For example, journalists Erol Önderoğlu and Ahmet Nesin, and human rights defender Şebnem Korur Fincanci, are among those facing charges of “terrorist propaganda” for taking part in a campaign of solidarity with the newspaper Özgür Gündem. On the day after Asli Erdoğan was released, Turkish authorities charged the prominent investigative journalist Ahmet Şik with “making propaganda for a terrorist organization.” He is accused of having links to three groups with contradictory ideologies, including the Gülen movement that the government accuses of having masterminded the coup attempt, ignoring the fact that Şik has been an outspoken critic of the movement for years.
There is no doubt that Turkey is facing extreme security challenges, and it has a duty to protect the people under its jurisdiction. Apart from the coup attempt, 2016 saw repeated brutal attacks on civilians by armed groups including the so-called Islamic State (ISIS) and the Kurdistan Freedom Falcons (TAK), an offshoot of the Kurdistan Workers’ Party (PKK). But the issue of how to address these increasing threats is something that needs to be discussed openly, by a wide range of voices. Instead, the authorities have compounded the fear of the population by clamping down on freedom of expression and incarcerating anybody who speaks out of line.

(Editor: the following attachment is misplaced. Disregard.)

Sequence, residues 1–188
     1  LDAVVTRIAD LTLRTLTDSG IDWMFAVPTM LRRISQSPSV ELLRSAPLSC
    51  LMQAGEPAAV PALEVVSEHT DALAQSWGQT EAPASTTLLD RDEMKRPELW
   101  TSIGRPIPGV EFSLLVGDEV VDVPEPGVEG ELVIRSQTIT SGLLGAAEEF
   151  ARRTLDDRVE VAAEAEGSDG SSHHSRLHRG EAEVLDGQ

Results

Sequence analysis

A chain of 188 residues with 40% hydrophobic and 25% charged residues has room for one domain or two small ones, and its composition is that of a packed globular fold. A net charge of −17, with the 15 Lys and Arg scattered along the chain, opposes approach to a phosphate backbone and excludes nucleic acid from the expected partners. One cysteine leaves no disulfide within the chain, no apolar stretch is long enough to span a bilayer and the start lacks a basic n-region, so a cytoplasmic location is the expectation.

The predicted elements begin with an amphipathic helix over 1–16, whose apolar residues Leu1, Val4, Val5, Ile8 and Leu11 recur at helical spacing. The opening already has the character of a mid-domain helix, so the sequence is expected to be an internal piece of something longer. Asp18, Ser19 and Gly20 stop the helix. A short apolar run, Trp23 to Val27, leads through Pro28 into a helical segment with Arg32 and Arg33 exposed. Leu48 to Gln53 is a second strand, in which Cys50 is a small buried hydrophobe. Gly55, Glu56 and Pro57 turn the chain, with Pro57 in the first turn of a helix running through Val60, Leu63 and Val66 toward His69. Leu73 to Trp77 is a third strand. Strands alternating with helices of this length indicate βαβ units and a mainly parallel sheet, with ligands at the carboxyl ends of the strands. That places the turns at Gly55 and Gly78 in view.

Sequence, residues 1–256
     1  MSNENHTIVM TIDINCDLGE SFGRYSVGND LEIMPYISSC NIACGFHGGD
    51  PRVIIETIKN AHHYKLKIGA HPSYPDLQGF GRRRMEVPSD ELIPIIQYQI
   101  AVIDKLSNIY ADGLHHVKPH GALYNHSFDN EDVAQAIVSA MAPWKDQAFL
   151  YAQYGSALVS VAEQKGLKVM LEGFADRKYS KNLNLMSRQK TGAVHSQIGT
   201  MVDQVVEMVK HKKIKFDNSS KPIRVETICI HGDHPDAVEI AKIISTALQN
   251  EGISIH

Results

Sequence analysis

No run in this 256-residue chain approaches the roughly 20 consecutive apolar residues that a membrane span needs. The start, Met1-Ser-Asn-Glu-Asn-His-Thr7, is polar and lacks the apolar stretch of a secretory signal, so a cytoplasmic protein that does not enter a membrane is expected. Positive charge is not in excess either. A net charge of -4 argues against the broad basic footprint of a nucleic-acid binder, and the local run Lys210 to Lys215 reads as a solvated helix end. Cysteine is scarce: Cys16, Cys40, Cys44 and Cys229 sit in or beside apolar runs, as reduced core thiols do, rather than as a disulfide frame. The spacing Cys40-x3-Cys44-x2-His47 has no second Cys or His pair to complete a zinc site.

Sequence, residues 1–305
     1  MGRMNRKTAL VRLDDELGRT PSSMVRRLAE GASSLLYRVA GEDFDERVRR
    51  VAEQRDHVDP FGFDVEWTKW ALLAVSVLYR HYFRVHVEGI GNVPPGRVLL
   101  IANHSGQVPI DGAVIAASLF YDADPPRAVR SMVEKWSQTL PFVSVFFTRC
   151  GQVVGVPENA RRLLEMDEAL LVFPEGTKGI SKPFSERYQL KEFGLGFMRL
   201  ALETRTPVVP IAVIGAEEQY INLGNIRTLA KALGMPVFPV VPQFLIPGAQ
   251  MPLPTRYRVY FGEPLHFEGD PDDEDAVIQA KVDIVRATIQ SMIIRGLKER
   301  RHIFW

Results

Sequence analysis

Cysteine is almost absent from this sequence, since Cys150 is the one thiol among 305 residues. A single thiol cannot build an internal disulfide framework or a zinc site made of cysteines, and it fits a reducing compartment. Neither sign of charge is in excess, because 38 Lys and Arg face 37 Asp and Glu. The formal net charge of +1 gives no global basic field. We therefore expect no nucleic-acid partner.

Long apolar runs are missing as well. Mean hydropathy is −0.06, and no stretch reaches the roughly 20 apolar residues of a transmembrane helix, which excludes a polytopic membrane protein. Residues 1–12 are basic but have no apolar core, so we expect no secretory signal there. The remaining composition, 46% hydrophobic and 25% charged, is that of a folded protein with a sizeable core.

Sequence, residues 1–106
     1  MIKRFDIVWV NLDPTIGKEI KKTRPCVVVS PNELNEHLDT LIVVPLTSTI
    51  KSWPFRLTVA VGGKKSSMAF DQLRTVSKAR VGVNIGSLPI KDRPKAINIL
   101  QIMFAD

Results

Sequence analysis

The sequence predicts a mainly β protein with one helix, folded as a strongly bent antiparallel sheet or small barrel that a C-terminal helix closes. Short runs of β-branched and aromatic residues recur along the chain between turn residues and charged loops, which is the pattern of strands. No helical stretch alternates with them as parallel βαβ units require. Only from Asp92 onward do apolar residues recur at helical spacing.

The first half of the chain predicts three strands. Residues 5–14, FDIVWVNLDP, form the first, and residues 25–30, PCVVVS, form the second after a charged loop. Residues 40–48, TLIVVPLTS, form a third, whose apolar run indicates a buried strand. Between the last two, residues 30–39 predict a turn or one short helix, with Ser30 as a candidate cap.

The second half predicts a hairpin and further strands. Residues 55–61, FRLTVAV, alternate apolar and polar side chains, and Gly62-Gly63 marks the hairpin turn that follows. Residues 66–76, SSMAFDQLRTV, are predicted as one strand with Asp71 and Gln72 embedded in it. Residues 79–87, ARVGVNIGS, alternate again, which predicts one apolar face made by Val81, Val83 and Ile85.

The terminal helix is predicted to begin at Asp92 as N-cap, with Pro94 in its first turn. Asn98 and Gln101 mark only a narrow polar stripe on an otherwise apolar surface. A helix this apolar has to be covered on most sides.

This year has left a deep mark on Turkey, and the fear in the air is palpable. In Istanbul, I cannot help noticing that people speak more quietly in public, with guarded looks on their faces. At home they watch television “panel discussions” where everybody has the same opinion, and are repeatedly frustrated by blocks on social media sites and an ever-diminishing choice of media outlets. It feels like life has lost its color.
This crackdown risks destroying the very fabric of Turkish society. The civil society organizations that have recently been permanently closed include those working with survivors of torture and domestic violence, local humanitarian organizations providing aid to refugees and internally displaced persons, and Turkey’s leading children’s rights NGO, Gündem Çocuk. This vibrant civil society is being reduced to a wasteland, and it is hard to overstate the impact that its destruction will have. In these confused and frightening times, we need the brave voices of journalists, activists and human rights defenders more than ever; instead, they are being thrown into the black holes of prison cells.
The new year in Turkey started out in the worst possible way. People are already living in fear of attacks; they should not have to live in fear for speaking out. They are already mourning the hundreds of lives lost over the past year; they should not have to mourn their freedom.
As daylight spreads through her kitchen, Aylin breathes a hesitant sigh of relief; she has made it to the start of another day. But what tomorrow will bring, for her and for her country, remains uncertain.
(*Name changed to protect her identity)
Andrew Gardner is Amnesty International’s Turkey researcher, based in Istanbul.
First published in Newsweek